Medicare Advantage (MA) is a common option for Medicare beneficiaries who want all their Medicare coverage options under one policy. There are several types of MA plan options, including the Preferred Provider Organization (PPO) plans and Health Maintenance Organization (HMO) plans. In this post, we’ll explore the differences between Medicare Advantage HMO vs. PPO plans.
Health Maintenance Organization (HMO) vs. Preferred Provider Organization (PPO) Plans
Both HMO and PPO plans develop networks of doctors, hospitals, and health service providers to help keep down the cost. The major difference between these two plans is the flexibility provided to see other care providers outside their MA plan. Some of the differences between them include:
An important feature of both plans is that they have networks. With networks, the cost of your healthcare will be lowered. This saves both health insurers and plan members’ money. Savings for health insurers can result in lower deductibles, copays, and premiums. PPO networks tend to be more flexible and broader, including more hospitals and doctors than HMO plans offer. However, the network will depend on the insurer and plan, so ensure to research each plan’s network before making any decision.
Primary Care Physicians
With HMOs, you’ll be required to choose a primary care physician who will be your main point of contact for your health needs. Your primary care physician will be responsible for determining the medical treatments you need and will refer you to specialists if he/she decides you need specialized medical care. Without a primary care physician referral, the specialist cost will not be covered. PPOs, on the other hand, don’t require the selection of primary care physicians, and you don’t need a referral to see a specialist.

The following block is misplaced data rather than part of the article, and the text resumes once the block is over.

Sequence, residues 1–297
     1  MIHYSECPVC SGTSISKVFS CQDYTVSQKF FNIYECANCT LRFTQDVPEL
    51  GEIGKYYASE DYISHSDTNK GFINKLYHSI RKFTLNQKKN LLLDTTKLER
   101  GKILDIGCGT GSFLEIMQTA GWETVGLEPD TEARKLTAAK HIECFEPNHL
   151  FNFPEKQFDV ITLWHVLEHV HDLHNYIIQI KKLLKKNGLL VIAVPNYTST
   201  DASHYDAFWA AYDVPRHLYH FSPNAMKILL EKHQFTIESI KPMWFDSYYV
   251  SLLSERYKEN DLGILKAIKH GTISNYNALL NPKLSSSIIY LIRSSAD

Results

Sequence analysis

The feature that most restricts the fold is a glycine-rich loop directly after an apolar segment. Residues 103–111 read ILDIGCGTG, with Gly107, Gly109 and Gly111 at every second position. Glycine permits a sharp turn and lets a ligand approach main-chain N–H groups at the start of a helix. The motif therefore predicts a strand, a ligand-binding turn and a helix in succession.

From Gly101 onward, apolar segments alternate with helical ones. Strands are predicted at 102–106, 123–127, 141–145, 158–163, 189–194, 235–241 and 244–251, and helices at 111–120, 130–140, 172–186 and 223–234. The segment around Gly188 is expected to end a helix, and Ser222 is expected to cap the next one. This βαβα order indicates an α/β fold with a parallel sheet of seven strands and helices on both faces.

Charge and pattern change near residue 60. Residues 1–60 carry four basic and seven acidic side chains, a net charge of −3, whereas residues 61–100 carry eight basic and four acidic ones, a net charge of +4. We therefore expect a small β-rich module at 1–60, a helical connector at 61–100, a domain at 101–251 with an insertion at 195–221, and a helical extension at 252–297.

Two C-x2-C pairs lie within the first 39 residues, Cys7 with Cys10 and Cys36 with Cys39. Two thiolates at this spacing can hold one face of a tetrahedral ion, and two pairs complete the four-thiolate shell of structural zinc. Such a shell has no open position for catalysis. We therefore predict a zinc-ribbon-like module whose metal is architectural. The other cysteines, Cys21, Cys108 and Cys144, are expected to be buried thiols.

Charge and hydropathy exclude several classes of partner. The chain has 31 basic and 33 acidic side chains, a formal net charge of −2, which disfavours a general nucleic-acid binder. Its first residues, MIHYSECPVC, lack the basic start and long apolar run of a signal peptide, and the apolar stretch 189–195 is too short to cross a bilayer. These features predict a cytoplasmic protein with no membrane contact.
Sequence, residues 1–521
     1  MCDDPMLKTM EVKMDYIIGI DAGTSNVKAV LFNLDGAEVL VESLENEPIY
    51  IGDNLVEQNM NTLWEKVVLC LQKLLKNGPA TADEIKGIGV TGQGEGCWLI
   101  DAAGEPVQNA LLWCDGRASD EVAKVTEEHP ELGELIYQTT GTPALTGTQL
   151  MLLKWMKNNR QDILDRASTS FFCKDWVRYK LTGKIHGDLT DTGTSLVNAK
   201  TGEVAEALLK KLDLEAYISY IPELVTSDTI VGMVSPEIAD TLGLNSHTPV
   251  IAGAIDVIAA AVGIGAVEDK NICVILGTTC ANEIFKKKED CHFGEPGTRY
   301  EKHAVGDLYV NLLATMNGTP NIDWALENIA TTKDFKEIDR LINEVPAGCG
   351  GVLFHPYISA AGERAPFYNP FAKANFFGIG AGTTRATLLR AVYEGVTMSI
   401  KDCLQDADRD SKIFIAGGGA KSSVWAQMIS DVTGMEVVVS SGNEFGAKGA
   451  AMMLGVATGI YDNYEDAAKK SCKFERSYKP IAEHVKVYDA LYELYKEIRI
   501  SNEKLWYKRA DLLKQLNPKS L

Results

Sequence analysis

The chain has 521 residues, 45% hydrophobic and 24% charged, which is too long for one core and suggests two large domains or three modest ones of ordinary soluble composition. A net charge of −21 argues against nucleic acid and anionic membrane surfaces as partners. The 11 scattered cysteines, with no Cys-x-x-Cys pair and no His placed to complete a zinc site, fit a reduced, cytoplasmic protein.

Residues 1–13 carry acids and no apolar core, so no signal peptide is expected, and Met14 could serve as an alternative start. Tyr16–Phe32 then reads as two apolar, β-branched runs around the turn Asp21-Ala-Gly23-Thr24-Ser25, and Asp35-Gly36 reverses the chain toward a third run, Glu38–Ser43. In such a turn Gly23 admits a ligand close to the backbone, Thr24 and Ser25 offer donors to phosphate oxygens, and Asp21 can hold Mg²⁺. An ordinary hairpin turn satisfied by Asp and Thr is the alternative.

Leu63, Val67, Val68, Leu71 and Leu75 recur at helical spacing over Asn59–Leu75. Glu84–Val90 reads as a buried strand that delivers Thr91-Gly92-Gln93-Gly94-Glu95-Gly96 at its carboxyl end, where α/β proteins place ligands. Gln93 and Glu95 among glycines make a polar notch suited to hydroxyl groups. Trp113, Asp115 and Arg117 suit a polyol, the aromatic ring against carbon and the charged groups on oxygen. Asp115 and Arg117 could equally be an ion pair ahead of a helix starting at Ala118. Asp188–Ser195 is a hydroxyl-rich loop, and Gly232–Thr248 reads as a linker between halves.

Out-of-Network Care Coverage
For both HMOs and PPOs, the cost of receiving healthcare services from in-network providers is usually the lowest. Now when it comes to out of network care coverage, these two MA plans differ considerably. Out of network coverage is generally not covered for HMOs, except in the case of emergency. PPO plans, on the other hand, usually offer out of network coverage.
The flexibility and additional coverage offered by PPO plans make it usually more expensive than HMO plans. PPO premiums are generally higher than HMO premiums.
Deductibles are also another cost that needs to be considered. Not all Health Maintenance Organization have deductibles, but those that do are usually lower than Preferred Provider Organization deductibles.
Choosing the Right Plan
Now that you understand the significant differences between HMO and PPO plans, you may have an idea of the MA plan best suited for your budget and healthcare needs. But if you are still undecided between these two plans and need more information to decide, please contact Temmen Insurance.